Bruins Draft Picks: Scouting Reports For Each Member Of Boston’s 2018 Class

The Boston Bruins’ impressive youth movement got some reinforcements Saturday.

After not picking in Round 1, the Bruins made five selections in Rounds 2-7 of the 2018 NHL Draft. When the dust settled, Boston gained two defenseman and three forwards, two of whom also project as potential centers on the NHL level.

Here’s a rundown of the Bruins’ 2018 class, including a photo of second-round pick Jakub Lauko:

So, what’s the skinny on these players, none of whom are older than age 18?

Here’s what Bruins assistant general manager Scott Bradley had to say about Axel Andersson:

“Staff was really high on him,” Bradley said. “If he slipped that far, we would be really happy, and we are. He can really skate. One of the better skaters in the draft. He’s real mobile up the ice.

“Didn’t have great numbers with the national team, but different player with his junior club. Up the ice a lot, joining rushes. Internationally, they kind of pulled him back in so he didn’t really produce offensively like he can.”

On Lauko: “We had him on our list, he was a first-round pick,” Bradley said. “We’re ecstatic to get a player like this at that point in the draft. He’s fast. Energy, plays with a lot of character, willing to sacrifice, and this player can really shoot the puck.

“His best asset might be his speed. So, we’re excited to have this player. We’re looking forward to development camp. He’s going to come in and hopefully turn some heads.”

Bradley also offered glowing praise for Curtis Hall, who will attend Yale in the fall.

“Big boy. We followed him all year. We closely watched him. Powerful player. We found a lot of power in his game,” Bradley said. “I think he’ll have the ability to play wing and center. Right now, he played mostly center. Strong playoff, they went to the finals; they lost in the finals.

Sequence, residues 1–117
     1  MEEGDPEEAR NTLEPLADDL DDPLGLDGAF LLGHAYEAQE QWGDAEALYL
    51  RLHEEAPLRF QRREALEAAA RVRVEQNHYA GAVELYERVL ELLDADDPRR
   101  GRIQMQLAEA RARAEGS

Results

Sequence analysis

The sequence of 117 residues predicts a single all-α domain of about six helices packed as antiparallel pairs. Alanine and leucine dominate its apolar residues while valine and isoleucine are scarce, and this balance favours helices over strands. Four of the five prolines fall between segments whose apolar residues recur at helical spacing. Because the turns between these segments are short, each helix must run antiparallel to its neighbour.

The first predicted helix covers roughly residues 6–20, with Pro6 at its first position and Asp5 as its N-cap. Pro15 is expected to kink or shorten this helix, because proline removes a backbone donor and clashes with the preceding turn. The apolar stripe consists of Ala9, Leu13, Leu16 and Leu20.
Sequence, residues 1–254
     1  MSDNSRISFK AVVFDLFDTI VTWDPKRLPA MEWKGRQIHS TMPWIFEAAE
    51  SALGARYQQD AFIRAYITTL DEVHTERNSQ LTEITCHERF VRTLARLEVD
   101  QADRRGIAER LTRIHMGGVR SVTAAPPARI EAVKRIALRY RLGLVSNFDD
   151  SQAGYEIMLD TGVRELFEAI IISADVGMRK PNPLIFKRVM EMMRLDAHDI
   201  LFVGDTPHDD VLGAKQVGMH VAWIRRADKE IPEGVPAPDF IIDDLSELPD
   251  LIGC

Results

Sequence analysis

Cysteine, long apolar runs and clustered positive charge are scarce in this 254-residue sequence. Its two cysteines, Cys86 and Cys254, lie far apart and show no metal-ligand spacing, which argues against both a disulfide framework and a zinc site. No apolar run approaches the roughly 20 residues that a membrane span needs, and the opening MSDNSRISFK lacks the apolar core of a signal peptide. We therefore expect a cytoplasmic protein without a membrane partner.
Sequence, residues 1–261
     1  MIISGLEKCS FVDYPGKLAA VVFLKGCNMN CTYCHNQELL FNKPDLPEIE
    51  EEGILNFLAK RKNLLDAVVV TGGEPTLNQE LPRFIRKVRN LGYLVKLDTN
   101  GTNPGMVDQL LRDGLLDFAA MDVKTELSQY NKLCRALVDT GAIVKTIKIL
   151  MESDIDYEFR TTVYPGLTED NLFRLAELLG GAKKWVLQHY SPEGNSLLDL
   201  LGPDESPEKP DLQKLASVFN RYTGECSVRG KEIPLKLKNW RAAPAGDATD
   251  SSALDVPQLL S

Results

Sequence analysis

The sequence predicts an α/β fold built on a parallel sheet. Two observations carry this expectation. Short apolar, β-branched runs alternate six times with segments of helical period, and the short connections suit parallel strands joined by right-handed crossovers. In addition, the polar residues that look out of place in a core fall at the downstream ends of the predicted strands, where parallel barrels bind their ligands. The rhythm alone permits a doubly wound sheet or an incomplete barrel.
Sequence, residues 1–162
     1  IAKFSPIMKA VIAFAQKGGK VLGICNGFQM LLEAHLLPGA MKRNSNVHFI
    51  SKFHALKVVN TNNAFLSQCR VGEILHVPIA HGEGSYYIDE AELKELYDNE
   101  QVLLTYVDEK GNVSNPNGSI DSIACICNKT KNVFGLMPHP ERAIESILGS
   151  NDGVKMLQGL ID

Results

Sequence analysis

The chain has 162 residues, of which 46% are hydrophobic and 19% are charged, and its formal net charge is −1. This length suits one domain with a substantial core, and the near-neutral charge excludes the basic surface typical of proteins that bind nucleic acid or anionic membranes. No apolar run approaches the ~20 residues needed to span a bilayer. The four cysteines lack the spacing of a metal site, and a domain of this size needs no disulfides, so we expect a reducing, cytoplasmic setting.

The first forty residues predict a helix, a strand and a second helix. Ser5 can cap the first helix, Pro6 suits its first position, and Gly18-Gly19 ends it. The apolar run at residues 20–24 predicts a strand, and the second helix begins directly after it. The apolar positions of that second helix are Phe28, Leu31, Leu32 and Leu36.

“We think there’s a lot of upside, a lot of development there that he can turn into a power forward. That size, it’s hard to find that size. We keep looking for it, and we took a swing with this guy.”

As for late-round picks Dustyn McFaul and Pavel Shen, Bradley clearly views them as projects.

“Interesting because he was a late bloomer,” Bradley said of McFaul, a Clarkson commit, via Bruins.com. “We think he’ll end up playing USHL or maybe BC Junior Hockey League. Competitive, two-way defenseman that moves the puck, that competes. Our guys talked about how he competes on pucks and how he moves the puck. Skating is pretty good.

“He still needs to fill out … his legs and frame are long. Needs to put on about 10, 15 pounds for sure. We’re excited to get him.”

Finally, on Shen: “I think he can play both center and wing,” Bradley said. “He played 29 games in the pro league … he didn’t play a lot in the KHL, didn’t see a lot of minutes, but in his junior league, lot of minutes, solid distributor of the puck.

“Taking a shot with a Russian. We haven’t for a while, and I think it’s a good swing here.”

It’s probably unreasonable to expect see any of these players at TD Garden in the near future. But Boston has drafted awfully well in recent years, so there’s plenty of reason to be optimistic about what the 2018 class could offer down the road.

For now, the Bruins are busy trying figure out what the deal is with Rick Nash, and they also might be kicking the tires on superstar John Tavares.

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